Giovanni di Varesse, Aldo Morelli, Bajarne, Bentley, Mastro Gepptto, L. 
Wood, Shaabi, Ph. Vigen, Cavicchi,  W.O. Larsen, Butz-Choquin, plus many 
others sold in Europe, and the numbers increase even more.
    It seems that there is no market in the USA for filter pipes among 
those buying 'better" and "high end" pipes.  Again, that is a matter of 
taste (no pun intended).  Lack of interest on that level does not mean 
lack of sales in the overall American pipe market.  I am going to stick 
my neck out and guess that perhaps half of the pipes sold in America are 
filter pipes. 20
    There will be many of you who read this who will have a far better 
idea of the figures than this old Geezer.  Won't someone do a little 
more digging to let us all have a better idea of the relative numbers 
        Yours in great clouds of smoke,  Gary Breylinger

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From: aaron pelz <??????????????????>
Subject: Rants

I agree with Doug Friedman. I too have been treated very 
poorly in my many of my recent visits to pipe and cigar 
shops. although I know nothing of the store he visited, I 
do empathize with him. Now, I do not look like your 
"average" pipe and cigar smoker. I am a 22 yr old college 
student with little money. And I look like it. I only wear 
jeans and tshirts. But that doesnt mean I do not know my 
fair share about the art of smoking. I would just like to 
warn shop owners of dismissing their customers before 
giving them their fair chance. So, if a young scruffy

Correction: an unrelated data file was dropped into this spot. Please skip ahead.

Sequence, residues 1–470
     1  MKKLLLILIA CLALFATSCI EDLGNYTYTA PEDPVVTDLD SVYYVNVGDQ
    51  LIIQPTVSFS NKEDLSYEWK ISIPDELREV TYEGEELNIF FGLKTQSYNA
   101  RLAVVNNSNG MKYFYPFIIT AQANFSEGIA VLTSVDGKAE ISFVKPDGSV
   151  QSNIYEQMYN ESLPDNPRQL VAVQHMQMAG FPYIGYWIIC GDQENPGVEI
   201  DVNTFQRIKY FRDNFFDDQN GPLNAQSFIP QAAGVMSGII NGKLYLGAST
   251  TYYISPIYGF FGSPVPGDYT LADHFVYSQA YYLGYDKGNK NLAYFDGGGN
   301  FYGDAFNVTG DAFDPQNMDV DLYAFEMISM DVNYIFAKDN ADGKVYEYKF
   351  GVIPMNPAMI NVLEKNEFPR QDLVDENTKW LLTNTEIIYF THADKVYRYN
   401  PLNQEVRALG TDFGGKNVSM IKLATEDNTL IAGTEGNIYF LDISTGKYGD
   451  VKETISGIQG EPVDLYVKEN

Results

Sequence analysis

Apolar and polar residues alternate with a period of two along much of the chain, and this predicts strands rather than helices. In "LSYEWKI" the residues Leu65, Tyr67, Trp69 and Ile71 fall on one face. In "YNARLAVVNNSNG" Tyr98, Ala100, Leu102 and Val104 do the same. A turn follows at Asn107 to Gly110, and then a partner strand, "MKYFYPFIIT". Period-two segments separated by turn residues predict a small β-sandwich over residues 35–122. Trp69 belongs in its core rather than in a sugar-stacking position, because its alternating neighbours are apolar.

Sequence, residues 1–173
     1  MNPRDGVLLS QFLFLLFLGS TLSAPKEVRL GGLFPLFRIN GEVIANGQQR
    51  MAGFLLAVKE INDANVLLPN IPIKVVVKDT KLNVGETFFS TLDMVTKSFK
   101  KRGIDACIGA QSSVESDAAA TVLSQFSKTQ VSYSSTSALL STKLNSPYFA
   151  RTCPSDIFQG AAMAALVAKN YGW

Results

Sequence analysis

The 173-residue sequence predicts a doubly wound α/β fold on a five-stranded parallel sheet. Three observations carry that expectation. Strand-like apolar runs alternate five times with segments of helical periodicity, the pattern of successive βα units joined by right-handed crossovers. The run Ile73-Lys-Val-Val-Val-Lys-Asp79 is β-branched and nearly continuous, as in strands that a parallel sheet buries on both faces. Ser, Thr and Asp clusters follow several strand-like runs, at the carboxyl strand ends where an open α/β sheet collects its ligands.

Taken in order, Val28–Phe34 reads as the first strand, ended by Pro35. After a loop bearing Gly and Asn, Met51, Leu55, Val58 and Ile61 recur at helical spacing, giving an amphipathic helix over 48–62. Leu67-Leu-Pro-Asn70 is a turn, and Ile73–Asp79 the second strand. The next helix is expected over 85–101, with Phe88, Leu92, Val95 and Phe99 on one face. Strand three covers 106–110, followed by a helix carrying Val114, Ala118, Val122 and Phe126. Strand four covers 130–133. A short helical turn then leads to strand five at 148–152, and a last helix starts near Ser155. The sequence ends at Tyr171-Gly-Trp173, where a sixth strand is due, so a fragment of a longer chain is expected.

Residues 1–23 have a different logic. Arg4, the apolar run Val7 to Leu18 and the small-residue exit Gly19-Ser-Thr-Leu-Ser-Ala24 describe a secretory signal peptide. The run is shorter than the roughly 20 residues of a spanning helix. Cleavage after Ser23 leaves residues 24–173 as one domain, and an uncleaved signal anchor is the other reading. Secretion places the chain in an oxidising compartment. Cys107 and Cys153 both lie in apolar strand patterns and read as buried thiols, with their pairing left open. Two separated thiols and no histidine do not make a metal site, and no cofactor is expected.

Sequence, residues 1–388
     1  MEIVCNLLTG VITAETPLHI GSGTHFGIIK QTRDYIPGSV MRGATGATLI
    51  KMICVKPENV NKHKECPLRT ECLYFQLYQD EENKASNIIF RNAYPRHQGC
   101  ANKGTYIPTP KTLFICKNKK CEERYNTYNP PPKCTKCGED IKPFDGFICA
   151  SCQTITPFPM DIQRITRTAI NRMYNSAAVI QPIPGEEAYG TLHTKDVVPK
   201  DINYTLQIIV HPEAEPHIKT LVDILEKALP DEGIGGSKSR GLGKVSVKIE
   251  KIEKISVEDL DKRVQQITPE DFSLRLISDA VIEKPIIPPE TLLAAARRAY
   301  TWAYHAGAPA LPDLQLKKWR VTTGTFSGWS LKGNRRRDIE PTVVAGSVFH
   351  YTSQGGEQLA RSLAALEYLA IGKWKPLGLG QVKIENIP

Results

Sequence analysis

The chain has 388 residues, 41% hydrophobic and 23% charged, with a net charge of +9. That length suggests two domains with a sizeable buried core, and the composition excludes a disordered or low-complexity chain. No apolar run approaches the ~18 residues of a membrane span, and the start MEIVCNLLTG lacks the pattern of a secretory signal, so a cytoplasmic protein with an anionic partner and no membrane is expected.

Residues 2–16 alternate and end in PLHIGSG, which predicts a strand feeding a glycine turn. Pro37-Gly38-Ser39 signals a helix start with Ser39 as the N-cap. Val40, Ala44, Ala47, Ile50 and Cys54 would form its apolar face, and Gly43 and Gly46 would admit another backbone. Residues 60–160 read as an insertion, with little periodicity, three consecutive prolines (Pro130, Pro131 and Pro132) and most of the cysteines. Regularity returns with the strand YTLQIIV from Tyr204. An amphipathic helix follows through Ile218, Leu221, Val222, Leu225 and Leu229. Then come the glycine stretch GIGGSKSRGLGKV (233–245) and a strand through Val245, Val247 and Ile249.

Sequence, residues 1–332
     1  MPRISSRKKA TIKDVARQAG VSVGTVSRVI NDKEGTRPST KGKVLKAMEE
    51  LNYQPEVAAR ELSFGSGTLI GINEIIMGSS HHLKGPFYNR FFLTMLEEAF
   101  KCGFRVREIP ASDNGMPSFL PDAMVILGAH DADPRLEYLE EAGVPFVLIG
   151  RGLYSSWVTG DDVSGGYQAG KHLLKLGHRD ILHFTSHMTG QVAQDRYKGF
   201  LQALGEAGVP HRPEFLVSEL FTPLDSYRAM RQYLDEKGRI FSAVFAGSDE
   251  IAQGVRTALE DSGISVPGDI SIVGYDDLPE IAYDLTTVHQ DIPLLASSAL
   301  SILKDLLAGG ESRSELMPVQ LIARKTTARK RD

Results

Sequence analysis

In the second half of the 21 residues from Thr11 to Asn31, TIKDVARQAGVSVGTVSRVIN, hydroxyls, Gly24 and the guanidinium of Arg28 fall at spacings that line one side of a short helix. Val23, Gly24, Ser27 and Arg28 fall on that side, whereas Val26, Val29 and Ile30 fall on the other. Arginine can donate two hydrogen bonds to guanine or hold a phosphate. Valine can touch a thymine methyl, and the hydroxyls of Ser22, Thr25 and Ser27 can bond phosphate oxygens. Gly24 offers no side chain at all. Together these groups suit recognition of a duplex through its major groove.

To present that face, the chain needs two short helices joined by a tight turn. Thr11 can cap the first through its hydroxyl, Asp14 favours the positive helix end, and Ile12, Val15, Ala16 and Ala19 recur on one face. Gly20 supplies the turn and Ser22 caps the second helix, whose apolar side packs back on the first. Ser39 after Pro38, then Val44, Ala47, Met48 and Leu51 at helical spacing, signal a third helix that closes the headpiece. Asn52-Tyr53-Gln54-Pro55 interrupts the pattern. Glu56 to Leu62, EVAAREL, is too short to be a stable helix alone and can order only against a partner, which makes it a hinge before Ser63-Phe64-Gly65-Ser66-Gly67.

looking kid comes into your shop, give him the time of day. 
He has many friends that smoke as well. And they have many 
friends as well. you see where I am going with this. 

Aaron Pelz

[Totally agreed. That young scruffy kid might just be editing the 3D
Realtime High Definition Video Multimedia Pipes Digest on the Mobile
Quadraphonic UltraHyperMaxiMegaWeb. (And if so, I'd appreciate his
URI, and a Linux plugin for Netscape.) -S.]

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From: ???????????????
Subject: Young Pipe Smokers

Hi Steve
Reading back issues  of the digest has strengthened my belief that too many 
people in this country want to tell others what they can and can't do. It 
seems that a lot of young pipe smokers out there feel pressured to become 
part of the non-smoking flock.I urge them to rember that our right to freely 
choose for ourselves has been handed down to us by determinded people of past 
generations so that today we still enjoy smoking our pipes.It is our duty to 
preserve this right not only for ourselves but for pipe smokers of the 
future.So again i say thanks to those who maintain this digest and their 
efforts  to keep us free to enjoy one of life's great pleasures.

Larry Luffman

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From: ???????????????